11. As an early-career researcher who hasn’t yet done a lot of teaching, I would really like to have some training in how to identify things like ghost writing and other forms of plagiarism. I understand how to look for these in principle, but I don’t feel confident enough to make the call when I have concerns. Of course, I can ask my colleagues, who may be familiar with some students and their work, but I would appreciate some specialised training too.
    I think a compulsory online academic integrity course for first year students would be a great idea, at least as a start, but as the research described above shows, it takes multiple, consistent approaches to make a difference in the long run.
    Thanks for this course, I’ve found it really helpful!

  12. Despite my own previous stresses over interpreting Turnitin reports as a student, I am familiar with all of these tools listed above. I guess what I feel leaves a lot to be desired at the ANU in terms of effectiveness, is probably the fact that there is always a mention of plagiarism in the very first lecture of every course, every semester. But these brush over the policies in place and where to go for more information. Students, particularly undergraduate students are often either overwhelmed when they first begin their undergraduate degrees, or, as they progress through their degree, become over confident in themselves or feel they should know this stuff already and so do not seek out assistance when they are concerned.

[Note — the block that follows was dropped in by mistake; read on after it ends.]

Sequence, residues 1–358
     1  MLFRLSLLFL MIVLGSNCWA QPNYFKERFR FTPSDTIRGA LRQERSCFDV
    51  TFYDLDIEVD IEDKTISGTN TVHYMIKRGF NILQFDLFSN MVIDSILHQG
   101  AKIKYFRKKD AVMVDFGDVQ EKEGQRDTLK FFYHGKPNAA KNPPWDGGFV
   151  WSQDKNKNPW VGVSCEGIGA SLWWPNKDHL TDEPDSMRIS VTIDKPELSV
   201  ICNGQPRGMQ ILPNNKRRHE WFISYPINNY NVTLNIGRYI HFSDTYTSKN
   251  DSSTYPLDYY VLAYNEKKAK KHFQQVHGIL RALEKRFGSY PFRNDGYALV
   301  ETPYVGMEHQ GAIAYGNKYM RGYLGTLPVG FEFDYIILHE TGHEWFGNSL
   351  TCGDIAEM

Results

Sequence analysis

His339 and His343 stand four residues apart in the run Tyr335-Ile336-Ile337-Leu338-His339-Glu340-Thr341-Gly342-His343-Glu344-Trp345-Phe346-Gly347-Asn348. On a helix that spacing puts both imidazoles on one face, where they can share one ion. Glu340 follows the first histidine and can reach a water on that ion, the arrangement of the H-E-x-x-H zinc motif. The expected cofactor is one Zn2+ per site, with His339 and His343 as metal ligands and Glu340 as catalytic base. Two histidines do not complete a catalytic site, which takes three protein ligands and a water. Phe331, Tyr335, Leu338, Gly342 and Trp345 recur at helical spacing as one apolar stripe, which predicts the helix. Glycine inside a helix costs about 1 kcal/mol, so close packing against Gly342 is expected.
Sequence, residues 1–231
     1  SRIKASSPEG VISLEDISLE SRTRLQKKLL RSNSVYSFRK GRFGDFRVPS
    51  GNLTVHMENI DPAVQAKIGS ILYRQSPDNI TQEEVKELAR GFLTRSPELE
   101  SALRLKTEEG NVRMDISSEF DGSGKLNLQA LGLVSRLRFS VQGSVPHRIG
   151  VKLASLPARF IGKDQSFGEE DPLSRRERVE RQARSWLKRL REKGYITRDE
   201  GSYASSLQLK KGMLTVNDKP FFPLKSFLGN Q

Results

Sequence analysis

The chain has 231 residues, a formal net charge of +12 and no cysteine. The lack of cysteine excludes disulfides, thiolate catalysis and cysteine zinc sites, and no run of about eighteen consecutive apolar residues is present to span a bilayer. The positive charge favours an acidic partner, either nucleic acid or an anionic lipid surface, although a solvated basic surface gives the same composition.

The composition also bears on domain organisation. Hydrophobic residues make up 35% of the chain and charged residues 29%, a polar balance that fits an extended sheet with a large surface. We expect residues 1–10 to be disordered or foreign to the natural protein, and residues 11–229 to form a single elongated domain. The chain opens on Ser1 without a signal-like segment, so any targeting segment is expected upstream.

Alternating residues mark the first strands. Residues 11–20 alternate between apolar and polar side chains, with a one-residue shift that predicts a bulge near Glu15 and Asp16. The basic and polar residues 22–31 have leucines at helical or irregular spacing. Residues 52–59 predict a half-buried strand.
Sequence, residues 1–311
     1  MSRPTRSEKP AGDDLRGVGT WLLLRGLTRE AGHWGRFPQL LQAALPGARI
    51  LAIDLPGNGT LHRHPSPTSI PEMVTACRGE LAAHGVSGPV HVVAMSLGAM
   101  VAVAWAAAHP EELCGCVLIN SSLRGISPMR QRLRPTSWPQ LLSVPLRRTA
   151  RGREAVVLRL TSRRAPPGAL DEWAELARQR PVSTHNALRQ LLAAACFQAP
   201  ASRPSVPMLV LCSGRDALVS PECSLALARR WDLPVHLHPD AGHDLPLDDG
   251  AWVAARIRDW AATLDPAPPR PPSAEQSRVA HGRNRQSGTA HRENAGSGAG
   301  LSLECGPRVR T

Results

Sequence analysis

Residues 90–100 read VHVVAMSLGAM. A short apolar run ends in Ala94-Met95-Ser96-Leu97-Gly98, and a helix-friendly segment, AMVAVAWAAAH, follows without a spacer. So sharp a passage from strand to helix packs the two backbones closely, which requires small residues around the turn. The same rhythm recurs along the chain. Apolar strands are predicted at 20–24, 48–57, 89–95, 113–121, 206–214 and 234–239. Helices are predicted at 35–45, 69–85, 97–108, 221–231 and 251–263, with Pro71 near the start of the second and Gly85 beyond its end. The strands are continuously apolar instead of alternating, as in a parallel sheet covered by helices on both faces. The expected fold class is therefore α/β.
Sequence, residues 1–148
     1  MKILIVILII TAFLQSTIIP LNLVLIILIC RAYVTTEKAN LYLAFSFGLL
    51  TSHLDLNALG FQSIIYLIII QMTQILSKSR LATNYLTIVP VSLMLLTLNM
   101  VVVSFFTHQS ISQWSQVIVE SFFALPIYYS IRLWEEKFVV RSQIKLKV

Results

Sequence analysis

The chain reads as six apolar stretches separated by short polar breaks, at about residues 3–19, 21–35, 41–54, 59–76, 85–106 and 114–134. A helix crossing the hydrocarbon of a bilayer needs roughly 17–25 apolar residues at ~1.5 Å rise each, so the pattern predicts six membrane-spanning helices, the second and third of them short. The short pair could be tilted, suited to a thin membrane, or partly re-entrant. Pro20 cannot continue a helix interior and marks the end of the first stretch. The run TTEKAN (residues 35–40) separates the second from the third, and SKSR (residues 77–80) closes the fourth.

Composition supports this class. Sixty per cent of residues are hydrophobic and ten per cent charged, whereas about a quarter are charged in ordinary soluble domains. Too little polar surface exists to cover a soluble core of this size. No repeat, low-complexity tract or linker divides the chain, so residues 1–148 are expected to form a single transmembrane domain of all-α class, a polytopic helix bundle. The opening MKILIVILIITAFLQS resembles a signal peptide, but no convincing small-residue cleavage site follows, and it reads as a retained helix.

A possible solution to this could be to implement a compulsory online module to inform them about Turnitin and what is acceptable and expected of them.
    This course has been great for giving me a teaching perspective on academic integrity and plagiarism. It has also suggested ways, and made me think of ways, to improve student awareness of these issues in any future courses I teach. Thank you!